In the past, anaerobes were the predominant bacteria present in community-acquired abscesses (developed outside of the hospital), with Streptococcus following as the second most common cause.

This appears to be changing, and now Klebsiella is commonly found in community-acquired abscesses. Klebsiella is associated with underlying diabetes.

Diagnosis

A lung abscess may be suspected based on symptoms and risk factors, as well as physical findings.

On physical exam, a fever is common. Your healthcare professional may hear bronchial breath sounds and the area overlying an abscess may sound dull when the chest is tapped. This is described as dullness to percussion.

Imaging

Early on, a chest X-ray may show infiltrates (evidence of pneumonia) without an obvious abscess present. Chest computerized tomography (CT) is the most reliable test, and an ultrasound of the lungs may be helpful in evaluating an abscess, especially in children. CT is also helpful in distinguishing between a lung abscess and empyema.

Some imaging changes associated with a lung abcess:

  • As an abscess progresses, the abscess cavity may be seen more clearly on imaging tests and may appear as a thick-walled cavity with an air-fluid level (often surrounded by evidence of pneumonia).
  • At later stages, the abscess may become less clear on imaging tests as the area is replaced by scar tissue.
  • The most common locations of abscesses that occur due to aspiration are the right middle lobe or the upper portions of the lower lobes of either lung.

Bacterial Analysis/Culture

A sputum sample (sample of coughed up phlegm) is sometimes taken but tends to be inaccurate.

Blood cultures are often negative when anaerobes are the predominant type of bacteria present because these organisms can take longer to grow in the blood.

Differential Diagnosis

An important first step in evaluating a lung abscess is to distinguish an abscess from an empyema, though an empyema may occur as a complication of an abscess. On imaging, a lung abscess appears as a round cavity inside the lungs, whereas an empyema is located in the pleural space (outside lungs or between lungs and chest wall).

There are a number of conditions other than abscesses that may cause cavitation in the lungs.

Some of these include:

  • Tuberculous cavity
  • Pulmonary infarct, which is an area of cell death in the lungs due to lack of blood flow
  • Cavitary lesions due to lung cancer
  • Fungal infections
  • Granulomas due to rheumatoid nodules in the lungs
  • Necrotizing pneumonia, which is usually marked by multiple areas of cavitation

Treatment

Antibiotics alone are often sufficient in treating a lung abscess and are effective roughly 80 percent of the time. Drainage or surgery is seldom needed for the treatment of lung abscesses.

Drainage is the preferred method of treatment for abscesses in many other regions of the body,

Antibiotics and Lung Physiotherapy

A combination of broad-spectrum antibiotics is most often used to treat the variety of bacteria present. Antibiotics are often started intravenously, and continued for four weeks to six weeks or until evidence of the abscess is no longer seen on imaging studies.

With abscesses due to fungi, parasites, as well as infections with Mycobacterium, Actinomyces, or Nocardia, a longer duration of treatment may be needed—possibly up to 6 months.

If the abscess doesn't improve with antibiotics, other treatments may be needed.

Lung physiotherapy and postural drainage are frequently helpful and often are combined with antibiotic treatment.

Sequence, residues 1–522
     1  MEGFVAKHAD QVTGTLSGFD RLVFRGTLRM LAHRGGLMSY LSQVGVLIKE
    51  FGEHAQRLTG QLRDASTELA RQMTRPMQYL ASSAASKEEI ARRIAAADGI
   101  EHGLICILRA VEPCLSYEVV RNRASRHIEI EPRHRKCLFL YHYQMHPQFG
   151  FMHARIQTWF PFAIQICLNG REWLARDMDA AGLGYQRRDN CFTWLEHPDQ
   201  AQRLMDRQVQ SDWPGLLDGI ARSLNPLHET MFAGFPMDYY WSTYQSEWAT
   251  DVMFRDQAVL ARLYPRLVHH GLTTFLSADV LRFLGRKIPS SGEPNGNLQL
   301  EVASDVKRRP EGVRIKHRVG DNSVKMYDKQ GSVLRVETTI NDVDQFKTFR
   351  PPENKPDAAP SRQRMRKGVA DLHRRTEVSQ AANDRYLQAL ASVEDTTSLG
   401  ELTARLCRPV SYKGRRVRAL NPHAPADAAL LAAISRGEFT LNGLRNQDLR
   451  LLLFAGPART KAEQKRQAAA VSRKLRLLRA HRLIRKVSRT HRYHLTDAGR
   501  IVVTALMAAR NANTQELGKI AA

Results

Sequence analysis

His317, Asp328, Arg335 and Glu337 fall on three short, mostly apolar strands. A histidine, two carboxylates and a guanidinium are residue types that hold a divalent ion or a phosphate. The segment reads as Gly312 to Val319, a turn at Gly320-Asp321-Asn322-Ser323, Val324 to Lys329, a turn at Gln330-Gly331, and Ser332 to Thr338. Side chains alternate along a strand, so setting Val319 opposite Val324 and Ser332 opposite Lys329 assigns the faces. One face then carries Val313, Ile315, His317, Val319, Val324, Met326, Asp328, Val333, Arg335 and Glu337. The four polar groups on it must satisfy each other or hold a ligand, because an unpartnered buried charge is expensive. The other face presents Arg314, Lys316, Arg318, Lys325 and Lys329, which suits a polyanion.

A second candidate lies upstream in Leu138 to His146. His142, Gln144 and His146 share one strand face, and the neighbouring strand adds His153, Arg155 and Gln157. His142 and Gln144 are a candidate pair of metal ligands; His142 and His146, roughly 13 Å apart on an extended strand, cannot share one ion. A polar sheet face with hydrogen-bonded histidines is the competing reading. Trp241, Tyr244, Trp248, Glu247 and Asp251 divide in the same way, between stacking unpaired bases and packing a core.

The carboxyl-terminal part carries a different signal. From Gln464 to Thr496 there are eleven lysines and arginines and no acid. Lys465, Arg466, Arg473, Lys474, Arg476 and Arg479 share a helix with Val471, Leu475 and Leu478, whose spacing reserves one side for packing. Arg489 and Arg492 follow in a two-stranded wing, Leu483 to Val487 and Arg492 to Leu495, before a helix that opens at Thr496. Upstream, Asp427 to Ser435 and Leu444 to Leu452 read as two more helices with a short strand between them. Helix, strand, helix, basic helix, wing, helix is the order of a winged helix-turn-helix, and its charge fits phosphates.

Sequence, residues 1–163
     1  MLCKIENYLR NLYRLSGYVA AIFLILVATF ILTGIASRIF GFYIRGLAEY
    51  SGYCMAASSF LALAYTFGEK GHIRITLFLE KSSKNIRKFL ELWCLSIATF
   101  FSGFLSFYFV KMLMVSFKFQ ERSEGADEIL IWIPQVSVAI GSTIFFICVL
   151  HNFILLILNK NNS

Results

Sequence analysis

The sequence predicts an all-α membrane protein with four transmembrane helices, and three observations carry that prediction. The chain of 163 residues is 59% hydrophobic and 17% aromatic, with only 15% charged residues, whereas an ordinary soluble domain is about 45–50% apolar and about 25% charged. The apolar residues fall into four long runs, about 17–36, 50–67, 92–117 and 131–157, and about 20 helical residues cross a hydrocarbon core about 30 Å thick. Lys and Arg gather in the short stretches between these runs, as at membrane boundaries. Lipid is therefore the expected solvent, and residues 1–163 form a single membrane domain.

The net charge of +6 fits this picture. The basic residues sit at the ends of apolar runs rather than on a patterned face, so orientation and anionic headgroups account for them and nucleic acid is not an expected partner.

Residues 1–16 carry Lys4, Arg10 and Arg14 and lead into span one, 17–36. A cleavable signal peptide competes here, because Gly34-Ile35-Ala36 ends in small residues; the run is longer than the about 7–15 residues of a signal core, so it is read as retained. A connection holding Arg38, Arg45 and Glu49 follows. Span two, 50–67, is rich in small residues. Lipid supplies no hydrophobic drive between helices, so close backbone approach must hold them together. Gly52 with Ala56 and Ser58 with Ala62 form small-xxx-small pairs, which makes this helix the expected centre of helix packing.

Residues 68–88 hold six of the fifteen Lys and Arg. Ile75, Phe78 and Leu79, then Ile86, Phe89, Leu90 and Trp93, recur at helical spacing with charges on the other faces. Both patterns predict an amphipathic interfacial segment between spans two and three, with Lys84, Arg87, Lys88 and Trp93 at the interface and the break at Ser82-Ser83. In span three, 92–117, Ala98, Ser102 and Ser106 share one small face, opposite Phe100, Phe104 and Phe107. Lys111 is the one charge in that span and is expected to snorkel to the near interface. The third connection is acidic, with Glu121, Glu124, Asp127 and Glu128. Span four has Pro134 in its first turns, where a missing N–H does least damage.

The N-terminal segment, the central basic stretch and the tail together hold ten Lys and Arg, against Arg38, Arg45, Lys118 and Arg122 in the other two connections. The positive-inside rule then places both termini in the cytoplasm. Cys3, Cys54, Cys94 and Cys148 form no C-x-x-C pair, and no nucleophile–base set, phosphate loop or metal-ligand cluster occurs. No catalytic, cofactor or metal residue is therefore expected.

Percutaneous or Endoscopic Drainage

If a lung abscess doesn't respond to antibiotic therapy (less than 10 percent of cases), drainage may be needed. This is usually considered if no improvement is noted after 10 to 14 days of antibiotics.

Drainage may either be done via a needle inserted through the chest wall into the abscess (percutaneous drainage) or via a bronchoscopy and endobronchial ultrasound (endobronchial drainage). Endobronchial drainage may be considered a better option for abscesses that are centrally located and away from the pleura when there is a risk of puncturing lung tissue, but percutaneous drainage is done more often.

Surgery

In very rare cases, surgery may be required. The most common procedures are a lumpectomy or segmentectomy in which the abscesses and some surrounding tissue is removed. This can often be done with minimally invasive surgery (video-assisted thoracoscopic surgery, or VATS).

Indications for surgery may include:

  • Large abscesses (larger than 6 centimeters or roughly 3 inches in diameter)
  • Coughing up blood
  • Sepsis
  • Prolonged fever or elevated white blood cell count
  • Bronchopleural fistula formation
  • Empyema
  • Abscesses that are not successfully treated with antibiotics or drainage
  • When an underlying cancer is suspected

Prognosis

With timely antibiotic treatment, the prognosis of a lung abscess often depends on the underlying cause, and many lung abscesses resolve without any long-term problems.

A Word From Verywell

Prompt recognition and treatment of a lung abscess are important for reducing the risk of complications. As with many conditions, prevention is key. Good dental hygiene, prompt medical attention for suspected pneumonia, careful management of blood sugars if you have diabetes, and airway management can help reduce your risk.

4 Sources
Verywell Health uses only high-quality sources, including peer-reviewed studies, to support the facts within our articles. Read our editorial process to learn more about how we fact-check and keep our content accurate, reliable, and trustworthy.
  1. Cai XD, Yang Y, Li J, et al. Logistic Regression Analysis of Clinical and Computed Tomography Features of Pulmonary Abscesses and Risk Factors for Pulmonary Abscess-Related Empyema. Clinics. 2019. 74:e700. doi:10.6061/clinics/2019/e700

  2. Nicolini A, Cilloniz C, Senarega R, Ferraioli G, Barlascini G. Lung Abscess Due to Streptococcus Pneumoniae: A Case Series and Brief Review of the Literature. Pneumonologia I Alergologia Polska. 2014. 82(3):276-285. doi:10.5603/PiAP.2014.0033

  3. Kuhajda I, Zarogoulidis K, Tsirgogianni I, et al. Lung Abscess-Etiology, Diagnostic and Treatment Options. Annals of Translational Medicine. 2015. 3(13):183. doi:10.3978/j.issn.2305-5839.2015.07.08

  4. Miki M. Standard and Novel Additional (Optional) Therapy for Lung Abscess by Drainage Using Bronchoscopic Endobronchial Ultrasonography with a Guide Sheath (EBUS-GS). Internal Medicine. 2019. 58(1):1-2. doi:10.2169/internalmedicine.0968-18

Additional Reading
  • Long, S. S., Prober, C. G., & Fischer, M. (2018). Principles and practice of pediatric infectious diseases. Philadelphia, PA: Elsevier.

By Lynne Eldridge, MD
 Lynne Eldrige, MD, is a lung cancer physician, patient advocate, and award-winning author of "Avoiding Cancer One Day at a Time."